It was announced this evening that director Brett Ratner has stepped down as producer of next year’s Oscar telecast following his public use of a anti-gay slur over the weekend, which resulted in widespread anger and immediate discussions with GLAAD. In addition, it has been announced that Ratner will also now work with GLAAD to convene a series of public discussions on LGBT images in Hollywood.
During a question and answer session about his film ‘Tower Heist,’ Ratner was asked whether he rehearses with his actors before shooting a scene. Ratner replied, "Rehearsing is for f*gs," as originally reported by New York Magazine's Vulture blog.
Following meetings with GLAAD as well as outrage from community members and allies, Ratner issued an apology and today resigned as producer of the 84th Annual Academy Awards.
“When we sat down with Brett today, he seemed very sincere in his desire to use this experience as a way to begin speaking out against anti-gay language in popular culture,” said Herndon Graddick, Senior Director of Programs at GLAAD. “We believe this resignation is just the first step and will be announcing a series of concrete actions in coming days and weeks with Brett.”
“Hollywood has the power and responsibility to grow acceptance of all communities,” said GLAAD Acting President Mike Thompson. “We look forward to working with Ratner and the industry in promoting positive, culture-changing images of our community and sending a message that such slurs, used to belittle gay and lesbian youth and adults every day, have no place in mainstream popular culture or the industry that creates it.”
Ratner's full letter reads as follows:
An Open Letter to the Entertainment Industry from Brett Ratner
Over the last few days, I’ve gotten a well-deserved earful from many of the people I admire most in this industry expressing their outrage and disappointment over the hurtful and stupid things I said in a number of recent media appearances. To them, and to everyone I’ve hurt and offended, I’d like to apologize publicly and unreservedly.
As difficult as the last few days have been for me, they cannot compare to the experience of any young man or woman who has been the target of offensive slurs or derogatory comments. And they pale in comparison to what any gay, lesbian, or transgender individual must deal with as they confront the many inequalities that continue to plague our world.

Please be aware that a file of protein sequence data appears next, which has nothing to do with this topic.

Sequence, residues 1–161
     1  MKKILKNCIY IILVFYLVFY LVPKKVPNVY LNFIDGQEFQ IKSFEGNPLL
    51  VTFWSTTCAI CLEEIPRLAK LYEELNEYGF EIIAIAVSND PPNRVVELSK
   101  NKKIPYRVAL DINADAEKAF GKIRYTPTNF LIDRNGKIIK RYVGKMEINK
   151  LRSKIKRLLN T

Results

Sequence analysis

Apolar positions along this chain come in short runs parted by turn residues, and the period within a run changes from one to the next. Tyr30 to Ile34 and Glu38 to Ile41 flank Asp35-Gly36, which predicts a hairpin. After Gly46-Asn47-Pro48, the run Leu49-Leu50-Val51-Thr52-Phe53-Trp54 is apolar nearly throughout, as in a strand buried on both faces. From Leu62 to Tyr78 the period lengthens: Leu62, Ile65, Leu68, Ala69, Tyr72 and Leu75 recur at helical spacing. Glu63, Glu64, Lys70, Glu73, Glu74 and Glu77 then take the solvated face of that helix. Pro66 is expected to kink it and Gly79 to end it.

So many artists and craftspeople in our business are members of the LGBT community, and it pains me deeply that I may have hurt them. I should have known this all along, but at least I know it now: words do matter. Having love in your heart doesn’t count for much if what comes out of your mouth is ugly and bigoted. With this in mind, and to all those who understandably feel that apologies are not enough, please know that I will be taking real action over the coming weeks and months in an effort to do everything I can both professionally and personally to help stamp out the kind of thoughtless bigotry I’ve so foolishly perpetuated.
As a first step, I called Tom Sherak this morning and resigned as a producer of the 84th Academy Awards telecast. Being asked to help put on the Oscar show was the proudest moment of my career. But as painful as this may be for me, it would be worse if my association with the show were to be a distraction from the Academy and the high ideals it represents.
I am grateful to GLAAD for engaging me in a dialogue about what we can do together to increase awareness of the important and troubling issues this episode has raised and I look forward to working with them. I am incredibly lucky to have a career in this business that I love with all of my heart and to be able to work alongside so many of my heroes. I deeply regret my actions and I am determined to learn from this experience.
The Academy of Motion Picture Arts and Sciences has also released a statement about Ratner's resignation:
This morning, Brett Ratner submitted his resignation as a producer of the 84th annual Academy Awards to Academy President Tom Sherak. Ratner then issued an open letter to the entertainment industry in which he explained his decision. “He did the right thing for the Academy and for himself,” Sherak said. “Words have meaning, and they have consequences. Brett is a good person, but his comments were unacceptable. We all hope this will be an opportunity to raise awareness about the harm that is caused by reckless and insensitive remarks, regardless of the intent.”
GLAAD and Ratner are working to convene public discussions featuring leaders in the entertainment industry about promoting fair and accurate inclusions of LGBT people and stories. The discussions will address anti-LGBT jokes and slurs in films and on television today as well as their origins within the industry and the trickle-down effect into popular culture. The first event will take place in coming weeks with additional discussions to take place over the next three years. GLAAD will announce further details soon.